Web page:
Kerber's return to the No.1 ranking comes after Serena Williams announced her withdrawal from both the BNP Paribas Open and Miami Open due to a left knee injury. The news meant Kerber, who ceded the top spot to Serena after the American won her Open Era record-breaking 23rd major title at the Australian Open in January, would move back up without swinging her racquet.
"I've been there already, but at the end, of course it feels good to reach the spot again," Kerber told reporters at All Access Hour at the BNP Paribas Open, "but for me I came here to really focus not on becoming No.1 or the ranking.
"I was coming here to win matches. This is what I love and this is what I was practicing for the last weeks. This is more what I'm focusing on. I will try and really stay with my focus because this is my priority and I will try now not to think about getting No.1 again."
Reflecting on her 7-5 start to the season, Kerber believes her best is just around the corner.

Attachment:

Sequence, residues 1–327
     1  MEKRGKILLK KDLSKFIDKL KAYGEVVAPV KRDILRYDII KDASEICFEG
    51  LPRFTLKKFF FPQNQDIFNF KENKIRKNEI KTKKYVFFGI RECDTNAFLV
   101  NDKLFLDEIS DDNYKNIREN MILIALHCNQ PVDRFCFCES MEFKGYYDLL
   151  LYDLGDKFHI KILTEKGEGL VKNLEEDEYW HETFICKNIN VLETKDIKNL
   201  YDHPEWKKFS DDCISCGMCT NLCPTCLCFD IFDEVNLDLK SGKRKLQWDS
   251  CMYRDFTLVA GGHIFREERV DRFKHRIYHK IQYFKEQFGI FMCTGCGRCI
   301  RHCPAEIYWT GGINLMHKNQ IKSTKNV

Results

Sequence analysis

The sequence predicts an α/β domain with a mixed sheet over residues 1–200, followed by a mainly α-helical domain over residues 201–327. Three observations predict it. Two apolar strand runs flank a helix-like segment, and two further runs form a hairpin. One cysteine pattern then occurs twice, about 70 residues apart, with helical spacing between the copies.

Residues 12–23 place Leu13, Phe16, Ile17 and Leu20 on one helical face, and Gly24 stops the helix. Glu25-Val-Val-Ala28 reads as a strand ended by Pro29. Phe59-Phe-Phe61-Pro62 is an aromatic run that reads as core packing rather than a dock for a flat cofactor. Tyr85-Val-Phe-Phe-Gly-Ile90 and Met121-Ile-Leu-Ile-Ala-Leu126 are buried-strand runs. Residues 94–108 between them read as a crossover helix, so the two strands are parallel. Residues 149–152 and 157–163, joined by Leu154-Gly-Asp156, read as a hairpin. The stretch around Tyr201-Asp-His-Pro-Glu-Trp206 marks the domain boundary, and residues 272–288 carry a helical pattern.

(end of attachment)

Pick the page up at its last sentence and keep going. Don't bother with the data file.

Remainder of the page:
"Of course it was so-so," Kerber said, rating her start. "It could be better. But in the end I'm still feeling good. I'm positive. So I practiced good. I think it's just one or two matches that I have to win again and then I'm in my rhythm."
Kerber is coming off her best result of the year so far, a semifinal run at the Dubai Duty Free Tennis Championships two weeks ago, where she lost to Elina Svitolina. The 29-year-old picked up a knee and back injury in Dubai and hopes those problems will not flare up again when she gets back to competitive play.
"After Dubai I went back home and had treatments and everything and I started practicing here again," she said. "That's why I came here earlier.
"The knee is fine. I don't how it is during a match, it's always different. But for the moment it's fine."
A two-time semifinalist in Indian Wells, the German will be looking to snap a four-match losing streak in the California desert, having lost in her opening round the last three years.